‘Doing’ participatory data analysis – overview the W-DARE Participatory Data Analysis Workshop

Liz Gill-Atkinson is a Research Assistant on the W-DARE program based at the University of Melbourne. She participated in the qualitative data analysis workshop and is undertaking a PhD which will explore the effect of participation in the W-DARE program on researchers (women with disability, academics and service providers).

Last week in Manila, qualitative and quantitative data collectors from Quezon City and Ligao City, (who include representatives of WOWLEAP, PARE and Likhaan) and local and international project staff attended participatory data analysis workshops. The purpose of the two workshops (one with the quantitative data collection team, and the other with the qualitative researchers) was to reflect on data collection processes, begin data analysis and start thinking about interventions to address barriers to SRH services for women with disability in Quezon City and Ligao City.

The two-day workshop with the quantitative team explored researcher’s reflections on conducting the Rapid Assessment of Disability (RAD) questionnaire, including challenges faced and lessons learnt. Researchers provided feedback on, and discussed the data collected to date and provided advice on the framework for quantitative data analysis.  Implementing the RAD questionnaire had been a learning opportunity for many researchers, in relation to building their capacity around the research processes (including sampling, recruitment, conducting the survey and completing the forms) and learning about the lives of, and issues faced by, members of local communities including women with disability.  

For women with disability conducting the questionnaire, learning about the lives of other women with similar experiences and demonstrating their capacity as researchers was significant.  For many researchers without disability, W-DARE is their first experience of working alongside persons with disability, which positively influenced understandings of disability inclusive research processes. Researchers also discussed the categorisation of data for data analysis, providing invaluable ‘ground truth’ context and interpretation of the early research findings.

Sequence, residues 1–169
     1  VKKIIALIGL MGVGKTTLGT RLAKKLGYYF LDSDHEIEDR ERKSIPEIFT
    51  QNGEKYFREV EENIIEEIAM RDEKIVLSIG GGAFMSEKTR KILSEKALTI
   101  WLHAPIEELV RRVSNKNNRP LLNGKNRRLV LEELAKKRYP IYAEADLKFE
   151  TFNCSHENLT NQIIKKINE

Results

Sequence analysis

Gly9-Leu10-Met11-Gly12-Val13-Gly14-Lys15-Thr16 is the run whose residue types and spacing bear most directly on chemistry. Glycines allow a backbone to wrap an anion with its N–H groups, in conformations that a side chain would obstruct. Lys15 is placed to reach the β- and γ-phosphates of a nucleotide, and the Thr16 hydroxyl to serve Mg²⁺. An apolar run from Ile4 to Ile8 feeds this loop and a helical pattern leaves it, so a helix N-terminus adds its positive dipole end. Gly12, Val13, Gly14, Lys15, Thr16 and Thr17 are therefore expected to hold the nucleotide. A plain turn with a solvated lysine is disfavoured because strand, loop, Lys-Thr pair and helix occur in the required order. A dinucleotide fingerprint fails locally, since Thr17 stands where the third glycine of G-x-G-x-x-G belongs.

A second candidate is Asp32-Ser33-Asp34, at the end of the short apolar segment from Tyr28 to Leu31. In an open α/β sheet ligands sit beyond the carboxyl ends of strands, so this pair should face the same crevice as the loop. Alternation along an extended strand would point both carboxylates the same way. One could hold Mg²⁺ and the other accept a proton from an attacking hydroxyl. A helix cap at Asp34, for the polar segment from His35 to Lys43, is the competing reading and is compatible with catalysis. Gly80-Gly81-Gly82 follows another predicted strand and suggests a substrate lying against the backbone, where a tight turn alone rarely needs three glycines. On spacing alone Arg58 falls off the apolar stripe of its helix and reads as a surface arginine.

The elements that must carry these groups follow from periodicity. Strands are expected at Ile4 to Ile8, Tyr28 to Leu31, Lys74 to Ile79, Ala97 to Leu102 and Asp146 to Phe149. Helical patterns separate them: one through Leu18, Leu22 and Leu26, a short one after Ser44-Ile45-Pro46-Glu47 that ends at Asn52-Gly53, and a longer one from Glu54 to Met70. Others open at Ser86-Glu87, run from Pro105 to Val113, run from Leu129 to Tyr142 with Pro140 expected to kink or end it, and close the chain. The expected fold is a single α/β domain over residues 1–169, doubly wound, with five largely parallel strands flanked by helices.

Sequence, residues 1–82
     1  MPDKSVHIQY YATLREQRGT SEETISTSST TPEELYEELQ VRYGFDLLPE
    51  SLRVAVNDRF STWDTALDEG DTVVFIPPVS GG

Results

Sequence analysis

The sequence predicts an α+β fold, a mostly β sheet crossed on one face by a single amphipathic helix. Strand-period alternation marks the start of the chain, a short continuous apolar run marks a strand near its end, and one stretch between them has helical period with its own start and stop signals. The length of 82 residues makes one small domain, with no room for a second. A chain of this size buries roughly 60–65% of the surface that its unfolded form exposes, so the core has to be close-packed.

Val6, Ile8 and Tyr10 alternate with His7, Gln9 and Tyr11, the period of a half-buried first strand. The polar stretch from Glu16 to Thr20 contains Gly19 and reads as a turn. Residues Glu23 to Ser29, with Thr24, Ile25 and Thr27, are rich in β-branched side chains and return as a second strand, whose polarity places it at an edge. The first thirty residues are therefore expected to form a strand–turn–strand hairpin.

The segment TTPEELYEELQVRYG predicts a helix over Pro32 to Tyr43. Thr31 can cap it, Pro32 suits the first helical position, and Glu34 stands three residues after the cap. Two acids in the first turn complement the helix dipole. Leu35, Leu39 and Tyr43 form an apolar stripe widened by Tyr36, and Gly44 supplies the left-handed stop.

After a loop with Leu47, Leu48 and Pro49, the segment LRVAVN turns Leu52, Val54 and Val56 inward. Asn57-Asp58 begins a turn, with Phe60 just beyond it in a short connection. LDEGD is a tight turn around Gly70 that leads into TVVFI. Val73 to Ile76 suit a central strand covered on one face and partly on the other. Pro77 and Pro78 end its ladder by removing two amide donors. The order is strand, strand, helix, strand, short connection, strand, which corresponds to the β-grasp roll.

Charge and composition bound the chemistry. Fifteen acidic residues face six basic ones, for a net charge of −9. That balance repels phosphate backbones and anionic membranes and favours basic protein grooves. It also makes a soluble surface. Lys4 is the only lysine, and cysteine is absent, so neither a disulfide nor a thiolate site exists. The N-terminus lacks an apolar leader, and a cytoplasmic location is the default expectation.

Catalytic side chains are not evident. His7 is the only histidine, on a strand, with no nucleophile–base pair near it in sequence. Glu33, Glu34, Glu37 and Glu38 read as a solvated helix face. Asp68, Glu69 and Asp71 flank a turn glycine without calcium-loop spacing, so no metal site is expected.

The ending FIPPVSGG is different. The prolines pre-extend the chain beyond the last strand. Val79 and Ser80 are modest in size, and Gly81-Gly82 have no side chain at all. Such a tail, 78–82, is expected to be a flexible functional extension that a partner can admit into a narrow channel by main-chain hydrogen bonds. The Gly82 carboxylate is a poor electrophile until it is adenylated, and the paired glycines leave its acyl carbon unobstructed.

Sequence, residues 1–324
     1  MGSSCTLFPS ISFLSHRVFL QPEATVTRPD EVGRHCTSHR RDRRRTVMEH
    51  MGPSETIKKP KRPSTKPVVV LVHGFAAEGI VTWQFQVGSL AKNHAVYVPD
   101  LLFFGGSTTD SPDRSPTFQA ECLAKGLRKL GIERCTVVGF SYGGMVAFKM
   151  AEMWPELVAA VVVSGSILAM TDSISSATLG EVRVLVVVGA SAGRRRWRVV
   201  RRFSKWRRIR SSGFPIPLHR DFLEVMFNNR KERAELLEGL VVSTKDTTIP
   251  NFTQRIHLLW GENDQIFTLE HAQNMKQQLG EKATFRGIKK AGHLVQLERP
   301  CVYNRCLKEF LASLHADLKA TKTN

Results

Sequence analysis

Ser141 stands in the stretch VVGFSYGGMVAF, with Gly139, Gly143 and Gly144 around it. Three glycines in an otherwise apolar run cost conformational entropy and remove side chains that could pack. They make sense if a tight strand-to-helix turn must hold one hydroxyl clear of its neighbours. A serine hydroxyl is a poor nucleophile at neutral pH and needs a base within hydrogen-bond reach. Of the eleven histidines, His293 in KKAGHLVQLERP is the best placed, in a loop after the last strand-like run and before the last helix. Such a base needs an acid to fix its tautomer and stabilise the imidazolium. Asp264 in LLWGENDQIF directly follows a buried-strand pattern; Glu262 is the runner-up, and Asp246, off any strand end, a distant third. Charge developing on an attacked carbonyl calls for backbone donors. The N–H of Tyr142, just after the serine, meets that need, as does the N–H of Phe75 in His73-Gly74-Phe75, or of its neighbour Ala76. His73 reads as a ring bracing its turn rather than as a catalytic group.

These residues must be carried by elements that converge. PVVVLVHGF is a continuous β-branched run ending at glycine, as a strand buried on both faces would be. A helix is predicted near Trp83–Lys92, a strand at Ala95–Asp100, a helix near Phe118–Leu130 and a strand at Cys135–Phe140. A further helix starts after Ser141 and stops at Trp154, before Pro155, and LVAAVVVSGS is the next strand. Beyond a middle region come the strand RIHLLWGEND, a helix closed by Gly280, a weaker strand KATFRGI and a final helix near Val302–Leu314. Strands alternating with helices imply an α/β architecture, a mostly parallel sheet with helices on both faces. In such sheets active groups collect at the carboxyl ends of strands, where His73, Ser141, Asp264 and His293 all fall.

The purpose of the three-day qualitative workshop was to collectively develop coding frameworks for qualitative data analysis and to explore participants’ experiences of conducting in-depth interviews and focus group discussions. Researchers worked individually, in small groups and collectively to develop, test and refine coding frameworks to be used for women and girls with disability, service providers and carers/family of women with disability.

In reflecting on their involvement in the W-DARE project, qualitative researchers also reported increased capacity related to the research processes (in particular seeking informed consent, the plain language statements, audio recording the interview etc.). Researchers’ experiences were also influenced by their profession, expertise, previous research experience and disability.  Qualitative and quantitative research groups include disability activists from DPOs, feminist and social researchers, and representatives of local government, both with and without disabilities (including women with vision impairment, mobility impairment and deaf women). For some researchers without disability, including academics and service providers, this project was their first experiences of working in partnership with people with disabilities. For many of the researchers with disability, W-DARE is their first experience of working in a participatory project, which engaged them as partners in the research process.

Participants in each workshop also discussed the key barriers to SRH services experienced by women with disability which had started to emerge over the course of the week.  The collective participation of all researchers and the contribution of diverse local perspectives in data collection, data analysis and planning, has shifted understanding about women with disability as researchers, facilitated improved research processes, and contributed significant quantitative and qualitative data, which will inform the activities to come in the next two years.

Completion of data analysis and planning for research activities for year 2 and year 3 will take place over the coming months. Stay tuned for more updates.

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